Getting Schooled on Walkability

Just as every neighborhood should have a reliable fire station, every neighborhood should have a good public school.

Diane Ravitch (The Death and Life of the Great American School System: How Testing and Choice Are Undermining Education, 2010)

school-comparison

A comparison between a walkable neighborhood school and an unwalkable sprawling campus (Lisc Institute for Comprehensive Community Development, 2011)

There has been a considerable amount of effort in recent years to build (or re-build) walkable neighborhoods. With professional organization like the Congress for the New Urbanism (CNU), the Urban Land Institute (ULI), the American Planning Association(APA), to the Lincoln Institute for Land Policy (LI) — all chiming in with their own advocacy efforts.

Most of the purported reasons for making a community walkable deal with reducing the miles needing to be driven by the residents of any town. This could, in turn, reduce the outlay of public resources needing to be spent on motor vehicle ways, and the amount of money the typical household would have to spend on owning and maintaining their vehicles. These two effects (the ability to reduce demands on tax revenue, and an opportunity to increase an individual family’s net disposable income) speak directly to both conservative and liberal values.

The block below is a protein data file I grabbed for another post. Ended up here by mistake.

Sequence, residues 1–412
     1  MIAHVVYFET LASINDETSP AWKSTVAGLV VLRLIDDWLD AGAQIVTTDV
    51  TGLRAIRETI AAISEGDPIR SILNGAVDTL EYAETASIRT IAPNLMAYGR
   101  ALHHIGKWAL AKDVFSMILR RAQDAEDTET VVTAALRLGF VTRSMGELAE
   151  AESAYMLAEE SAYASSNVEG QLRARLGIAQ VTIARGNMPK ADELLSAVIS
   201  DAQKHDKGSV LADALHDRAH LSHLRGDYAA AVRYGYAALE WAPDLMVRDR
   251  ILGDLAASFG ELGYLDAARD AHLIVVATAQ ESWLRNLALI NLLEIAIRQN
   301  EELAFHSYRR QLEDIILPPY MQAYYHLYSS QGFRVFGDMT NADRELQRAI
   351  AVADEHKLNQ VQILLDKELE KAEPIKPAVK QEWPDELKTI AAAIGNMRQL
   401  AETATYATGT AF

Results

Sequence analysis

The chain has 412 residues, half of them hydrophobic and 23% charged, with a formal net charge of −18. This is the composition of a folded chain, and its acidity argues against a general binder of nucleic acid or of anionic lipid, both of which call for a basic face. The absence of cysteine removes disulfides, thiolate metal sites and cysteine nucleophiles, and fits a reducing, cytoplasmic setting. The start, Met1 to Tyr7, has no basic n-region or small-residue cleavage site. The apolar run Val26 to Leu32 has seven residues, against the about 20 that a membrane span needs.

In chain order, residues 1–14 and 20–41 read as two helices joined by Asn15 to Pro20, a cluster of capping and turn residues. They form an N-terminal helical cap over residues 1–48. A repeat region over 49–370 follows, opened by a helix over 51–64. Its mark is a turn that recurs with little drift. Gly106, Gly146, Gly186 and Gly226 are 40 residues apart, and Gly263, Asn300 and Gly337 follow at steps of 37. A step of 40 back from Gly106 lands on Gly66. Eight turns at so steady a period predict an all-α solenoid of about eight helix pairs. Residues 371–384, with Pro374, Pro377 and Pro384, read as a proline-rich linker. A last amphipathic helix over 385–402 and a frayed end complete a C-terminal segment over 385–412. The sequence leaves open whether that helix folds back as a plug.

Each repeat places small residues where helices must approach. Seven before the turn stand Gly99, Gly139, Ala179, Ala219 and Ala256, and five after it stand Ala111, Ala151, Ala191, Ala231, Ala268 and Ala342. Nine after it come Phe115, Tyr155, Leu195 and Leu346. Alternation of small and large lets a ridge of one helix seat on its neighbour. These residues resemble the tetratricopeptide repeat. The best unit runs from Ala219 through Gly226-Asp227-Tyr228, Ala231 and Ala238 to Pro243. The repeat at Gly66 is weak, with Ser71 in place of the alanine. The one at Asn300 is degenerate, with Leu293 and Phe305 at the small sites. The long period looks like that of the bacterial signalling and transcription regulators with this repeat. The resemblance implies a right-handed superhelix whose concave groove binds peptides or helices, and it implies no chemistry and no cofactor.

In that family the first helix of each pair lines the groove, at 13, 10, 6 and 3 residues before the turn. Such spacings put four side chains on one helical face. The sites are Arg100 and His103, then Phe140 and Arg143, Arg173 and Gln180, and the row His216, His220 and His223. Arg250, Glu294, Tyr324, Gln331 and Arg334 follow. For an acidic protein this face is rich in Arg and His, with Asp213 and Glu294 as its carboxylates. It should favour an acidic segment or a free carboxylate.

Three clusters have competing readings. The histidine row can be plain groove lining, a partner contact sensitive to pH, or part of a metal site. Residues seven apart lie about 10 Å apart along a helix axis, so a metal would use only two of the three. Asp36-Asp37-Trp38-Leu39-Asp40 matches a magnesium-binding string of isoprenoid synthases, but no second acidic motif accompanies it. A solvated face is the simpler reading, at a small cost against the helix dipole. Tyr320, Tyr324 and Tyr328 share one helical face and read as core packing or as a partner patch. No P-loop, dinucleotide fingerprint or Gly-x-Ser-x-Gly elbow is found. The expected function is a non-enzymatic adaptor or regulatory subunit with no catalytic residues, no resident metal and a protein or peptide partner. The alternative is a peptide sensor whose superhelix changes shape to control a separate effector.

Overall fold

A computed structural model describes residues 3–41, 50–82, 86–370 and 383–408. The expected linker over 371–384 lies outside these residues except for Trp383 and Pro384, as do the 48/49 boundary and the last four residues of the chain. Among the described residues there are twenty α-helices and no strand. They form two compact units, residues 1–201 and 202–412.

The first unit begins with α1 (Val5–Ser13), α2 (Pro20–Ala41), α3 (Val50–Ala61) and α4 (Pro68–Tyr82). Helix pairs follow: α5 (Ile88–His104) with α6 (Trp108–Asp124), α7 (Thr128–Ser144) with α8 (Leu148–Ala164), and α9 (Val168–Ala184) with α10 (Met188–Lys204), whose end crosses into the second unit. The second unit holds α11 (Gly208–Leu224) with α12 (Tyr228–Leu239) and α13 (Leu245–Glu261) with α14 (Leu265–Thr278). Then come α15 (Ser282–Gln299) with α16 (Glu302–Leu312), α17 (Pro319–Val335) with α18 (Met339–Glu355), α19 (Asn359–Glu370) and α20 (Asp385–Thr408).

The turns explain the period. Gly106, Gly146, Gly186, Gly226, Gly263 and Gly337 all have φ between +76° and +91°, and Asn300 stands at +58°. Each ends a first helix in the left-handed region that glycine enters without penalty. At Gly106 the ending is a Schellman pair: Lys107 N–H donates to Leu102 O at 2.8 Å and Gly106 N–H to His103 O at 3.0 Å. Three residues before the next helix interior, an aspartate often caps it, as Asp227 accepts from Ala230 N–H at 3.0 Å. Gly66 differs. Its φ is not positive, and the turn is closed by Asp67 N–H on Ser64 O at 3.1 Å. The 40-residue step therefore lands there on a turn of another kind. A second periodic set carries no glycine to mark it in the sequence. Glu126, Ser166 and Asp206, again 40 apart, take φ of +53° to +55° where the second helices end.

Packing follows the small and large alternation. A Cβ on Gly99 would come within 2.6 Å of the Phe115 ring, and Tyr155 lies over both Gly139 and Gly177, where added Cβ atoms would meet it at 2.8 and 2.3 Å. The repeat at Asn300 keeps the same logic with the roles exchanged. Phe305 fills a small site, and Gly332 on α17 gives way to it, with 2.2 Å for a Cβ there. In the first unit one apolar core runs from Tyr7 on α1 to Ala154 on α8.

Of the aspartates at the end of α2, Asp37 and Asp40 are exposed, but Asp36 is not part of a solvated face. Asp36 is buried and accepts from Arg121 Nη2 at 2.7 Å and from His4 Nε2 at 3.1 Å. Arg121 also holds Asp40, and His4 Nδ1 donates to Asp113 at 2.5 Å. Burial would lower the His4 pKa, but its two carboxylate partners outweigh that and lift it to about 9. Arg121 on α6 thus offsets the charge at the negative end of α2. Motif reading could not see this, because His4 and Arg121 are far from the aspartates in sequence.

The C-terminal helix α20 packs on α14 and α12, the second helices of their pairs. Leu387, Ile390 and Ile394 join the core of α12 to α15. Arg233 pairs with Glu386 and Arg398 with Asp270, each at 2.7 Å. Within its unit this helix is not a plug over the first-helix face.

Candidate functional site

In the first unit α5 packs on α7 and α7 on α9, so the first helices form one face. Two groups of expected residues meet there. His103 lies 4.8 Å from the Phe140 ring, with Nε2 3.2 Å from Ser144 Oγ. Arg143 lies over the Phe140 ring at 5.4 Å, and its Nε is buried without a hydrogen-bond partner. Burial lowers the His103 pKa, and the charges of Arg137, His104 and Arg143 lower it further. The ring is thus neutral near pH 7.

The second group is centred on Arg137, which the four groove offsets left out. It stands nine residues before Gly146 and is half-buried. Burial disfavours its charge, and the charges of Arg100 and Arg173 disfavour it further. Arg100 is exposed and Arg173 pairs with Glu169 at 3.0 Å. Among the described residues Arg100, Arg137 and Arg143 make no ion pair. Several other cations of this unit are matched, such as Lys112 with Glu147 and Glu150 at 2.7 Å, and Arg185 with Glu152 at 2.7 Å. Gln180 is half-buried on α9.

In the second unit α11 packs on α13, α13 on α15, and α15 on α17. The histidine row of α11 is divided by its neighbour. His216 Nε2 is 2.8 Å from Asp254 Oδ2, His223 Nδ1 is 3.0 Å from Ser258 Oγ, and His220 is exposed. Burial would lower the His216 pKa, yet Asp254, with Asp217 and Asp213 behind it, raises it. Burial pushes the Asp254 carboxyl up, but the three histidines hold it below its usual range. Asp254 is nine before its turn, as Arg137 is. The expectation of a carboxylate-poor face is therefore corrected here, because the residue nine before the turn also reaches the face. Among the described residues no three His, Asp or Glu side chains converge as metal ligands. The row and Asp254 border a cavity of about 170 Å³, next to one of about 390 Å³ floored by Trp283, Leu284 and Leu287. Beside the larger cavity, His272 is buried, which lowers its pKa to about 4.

What’s driving walkability?

But, before we can draw any conclusions about the beneficial aspects of walkability we should look into our actual travel habits. This will help us to better understand the potential benefits of revising our public policies, by allowing us to focus our attention on the best avenues for improvement.